Special Winter Program at Fort Frederick State Park
Big Pool, Md. (February 23, 2011) – The Maryland Park Service will host a special winter program entitled “To Guard Against the Extreme Climate” from 11 a.m. to 3 p.m. on Saturday February 26 at Fort Frederick State Park. Participants will join park staff to discover how soldiers stationed at frontier forts, like Fort Frederick, survived the extreme winters during the French and Indian War.
Fort Frederick State Park is the home of Fort Frederick, America’s premier stone colonial fort. In 2006 the park celebrated the 250th anniversary of the fort’s construction.
The French and Indian War, fought between 1754 and 1763, brought destruction to the frontiers of Maryland, Pennsylvania, and Virginia. As a result, the colony of Maryland constructed Fort Frederick in 1756 as its main line of security for the frontier. In its finished condition the fort included two large barracks to comfortably house the four companies of troops that patrolled the frontier. Due to Fort Frederick’s unusually strong defenses and the efforts of these soldiers, the French and Indian raiding parties were successfully deterred and stability was restored to the frontier.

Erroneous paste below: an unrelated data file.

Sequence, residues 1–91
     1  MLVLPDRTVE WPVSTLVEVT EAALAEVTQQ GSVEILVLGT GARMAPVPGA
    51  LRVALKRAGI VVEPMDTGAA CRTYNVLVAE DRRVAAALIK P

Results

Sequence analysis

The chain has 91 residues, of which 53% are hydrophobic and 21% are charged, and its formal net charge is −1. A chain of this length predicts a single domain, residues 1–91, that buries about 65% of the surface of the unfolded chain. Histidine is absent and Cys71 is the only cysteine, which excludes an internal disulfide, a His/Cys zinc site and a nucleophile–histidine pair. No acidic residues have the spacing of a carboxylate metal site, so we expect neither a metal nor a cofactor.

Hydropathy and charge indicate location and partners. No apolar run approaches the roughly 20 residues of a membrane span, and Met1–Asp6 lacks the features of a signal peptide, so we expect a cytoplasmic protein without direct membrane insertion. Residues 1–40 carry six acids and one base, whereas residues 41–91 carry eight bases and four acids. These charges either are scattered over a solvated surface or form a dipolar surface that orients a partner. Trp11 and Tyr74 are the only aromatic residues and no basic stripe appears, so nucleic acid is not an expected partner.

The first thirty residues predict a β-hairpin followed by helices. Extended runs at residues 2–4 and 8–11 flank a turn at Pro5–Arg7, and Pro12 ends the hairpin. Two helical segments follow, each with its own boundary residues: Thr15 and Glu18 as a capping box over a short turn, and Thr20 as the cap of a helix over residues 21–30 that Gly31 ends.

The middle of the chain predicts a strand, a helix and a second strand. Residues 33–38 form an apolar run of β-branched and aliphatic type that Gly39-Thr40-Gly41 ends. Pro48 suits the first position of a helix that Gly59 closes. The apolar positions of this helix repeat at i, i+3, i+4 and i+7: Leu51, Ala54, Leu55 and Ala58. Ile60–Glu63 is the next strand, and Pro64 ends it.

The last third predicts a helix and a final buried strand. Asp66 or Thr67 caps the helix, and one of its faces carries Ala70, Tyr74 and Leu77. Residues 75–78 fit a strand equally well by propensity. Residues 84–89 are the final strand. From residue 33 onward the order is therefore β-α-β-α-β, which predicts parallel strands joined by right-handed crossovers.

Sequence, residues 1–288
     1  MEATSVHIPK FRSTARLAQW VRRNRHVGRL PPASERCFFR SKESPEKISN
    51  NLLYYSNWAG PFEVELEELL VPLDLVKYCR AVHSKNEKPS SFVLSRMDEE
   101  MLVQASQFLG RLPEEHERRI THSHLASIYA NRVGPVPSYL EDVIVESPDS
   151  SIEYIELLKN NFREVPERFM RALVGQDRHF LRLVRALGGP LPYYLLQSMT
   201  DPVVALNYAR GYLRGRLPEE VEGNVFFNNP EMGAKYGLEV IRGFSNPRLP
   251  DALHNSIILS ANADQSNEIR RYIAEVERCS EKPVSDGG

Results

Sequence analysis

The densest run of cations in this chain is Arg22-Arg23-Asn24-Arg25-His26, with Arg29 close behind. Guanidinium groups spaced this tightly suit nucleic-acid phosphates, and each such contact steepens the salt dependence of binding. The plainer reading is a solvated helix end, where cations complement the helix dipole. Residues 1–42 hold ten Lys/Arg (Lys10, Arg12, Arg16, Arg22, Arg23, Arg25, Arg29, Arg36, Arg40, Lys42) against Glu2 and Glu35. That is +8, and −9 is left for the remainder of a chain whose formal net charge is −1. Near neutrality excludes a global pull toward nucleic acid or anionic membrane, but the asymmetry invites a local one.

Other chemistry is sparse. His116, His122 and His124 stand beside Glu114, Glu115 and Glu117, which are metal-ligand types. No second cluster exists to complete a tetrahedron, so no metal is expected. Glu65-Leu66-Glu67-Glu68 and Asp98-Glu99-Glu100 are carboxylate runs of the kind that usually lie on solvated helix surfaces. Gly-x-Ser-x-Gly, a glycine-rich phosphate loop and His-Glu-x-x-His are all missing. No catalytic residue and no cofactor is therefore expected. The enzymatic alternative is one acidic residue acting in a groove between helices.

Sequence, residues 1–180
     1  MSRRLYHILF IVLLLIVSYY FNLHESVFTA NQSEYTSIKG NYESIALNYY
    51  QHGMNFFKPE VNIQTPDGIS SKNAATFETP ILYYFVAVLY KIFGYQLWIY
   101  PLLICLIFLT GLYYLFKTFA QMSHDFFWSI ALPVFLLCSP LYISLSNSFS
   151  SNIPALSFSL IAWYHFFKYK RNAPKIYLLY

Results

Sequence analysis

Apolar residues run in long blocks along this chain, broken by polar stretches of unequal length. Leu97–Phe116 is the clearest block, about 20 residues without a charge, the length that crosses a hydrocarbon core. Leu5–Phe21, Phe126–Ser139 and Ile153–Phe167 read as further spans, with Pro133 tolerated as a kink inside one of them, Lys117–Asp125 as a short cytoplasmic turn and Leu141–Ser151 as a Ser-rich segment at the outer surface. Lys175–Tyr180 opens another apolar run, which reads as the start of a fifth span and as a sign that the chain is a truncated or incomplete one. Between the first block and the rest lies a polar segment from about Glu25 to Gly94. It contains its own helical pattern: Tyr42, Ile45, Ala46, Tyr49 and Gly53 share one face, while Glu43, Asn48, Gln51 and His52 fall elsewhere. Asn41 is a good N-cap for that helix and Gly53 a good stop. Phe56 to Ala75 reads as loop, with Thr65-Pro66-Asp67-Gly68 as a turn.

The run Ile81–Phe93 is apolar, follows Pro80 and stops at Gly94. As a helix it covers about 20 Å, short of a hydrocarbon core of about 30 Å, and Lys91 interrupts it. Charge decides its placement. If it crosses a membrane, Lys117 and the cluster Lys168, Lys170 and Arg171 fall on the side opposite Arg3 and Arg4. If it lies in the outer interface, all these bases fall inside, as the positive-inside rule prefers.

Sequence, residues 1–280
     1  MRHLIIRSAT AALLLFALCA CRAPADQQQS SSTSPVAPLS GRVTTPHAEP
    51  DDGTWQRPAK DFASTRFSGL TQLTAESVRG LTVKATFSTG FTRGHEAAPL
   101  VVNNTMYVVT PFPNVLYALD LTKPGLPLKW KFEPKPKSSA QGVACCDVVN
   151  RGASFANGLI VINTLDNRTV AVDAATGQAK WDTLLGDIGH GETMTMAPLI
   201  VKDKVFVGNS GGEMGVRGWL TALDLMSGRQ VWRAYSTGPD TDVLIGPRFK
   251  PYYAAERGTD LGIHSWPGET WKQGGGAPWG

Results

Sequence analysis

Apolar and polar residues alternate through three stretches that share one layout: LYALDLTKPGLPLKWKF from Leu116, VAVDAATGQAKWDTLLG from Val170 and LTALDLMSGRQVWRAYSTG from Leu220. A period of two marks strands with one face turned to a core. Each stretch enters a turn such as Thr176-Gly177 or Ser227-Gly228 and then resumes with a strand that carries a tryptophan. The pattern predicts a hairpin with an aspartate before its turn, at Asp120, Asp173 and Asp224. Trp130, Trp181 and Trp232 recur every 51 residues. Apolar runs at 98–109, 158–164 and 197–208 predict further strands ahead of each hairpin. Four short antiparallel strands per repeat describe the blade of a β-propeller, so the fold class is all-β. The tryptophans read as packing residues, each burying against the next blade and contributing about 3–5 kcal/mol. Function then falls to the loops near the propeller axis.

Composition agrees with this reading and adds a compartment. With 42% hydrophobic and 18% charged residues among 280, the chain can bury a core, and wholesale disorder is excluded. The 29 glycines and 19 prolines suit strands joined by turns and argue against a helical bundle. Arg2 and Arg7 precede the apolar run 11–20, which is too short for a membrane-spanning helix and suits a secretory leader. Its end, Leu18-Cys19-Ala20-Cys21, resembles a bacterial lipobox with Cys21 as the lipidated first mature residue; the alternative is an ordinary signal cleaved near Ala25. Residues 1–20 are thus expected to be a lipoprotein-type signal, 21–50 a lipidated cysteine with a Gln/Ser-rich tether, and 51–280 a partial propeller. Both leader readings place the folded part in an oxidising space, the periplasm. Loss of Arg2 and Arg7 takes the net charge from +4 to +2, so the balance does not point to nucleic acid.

The program is free to the public. Disabled access is available; however, most of the program is situated within historic structures and on grassy areas that may present difficult rolls or walks. Please dress for the weather conditions.
Fort Frederick is located off of Route 70 exit 12 at State Route 56. For more information please call 301-842-2155.
|February 24, 2011||
Contact: Josh Davidsburg
The Maryland Department of Natural Resources is the state agency responsible for providing natural and living resource-related services to citizens and visitors. DNR manages nearly one-half million acres of public lands and 17,000 miles of waterways, along with Maryland's forests, fisheries and wildlife for maximum environmental, economic and quality of life benefits. A national leader in land conservation, DNR-managed parks and natural, historic and cultural resources attract 11 million visitors annually. DNR is the lead agency in Maryland's effort to restore the Chesapeake Bay, the state's number one environmental priority. Learn more at www.dnr.maryland.gov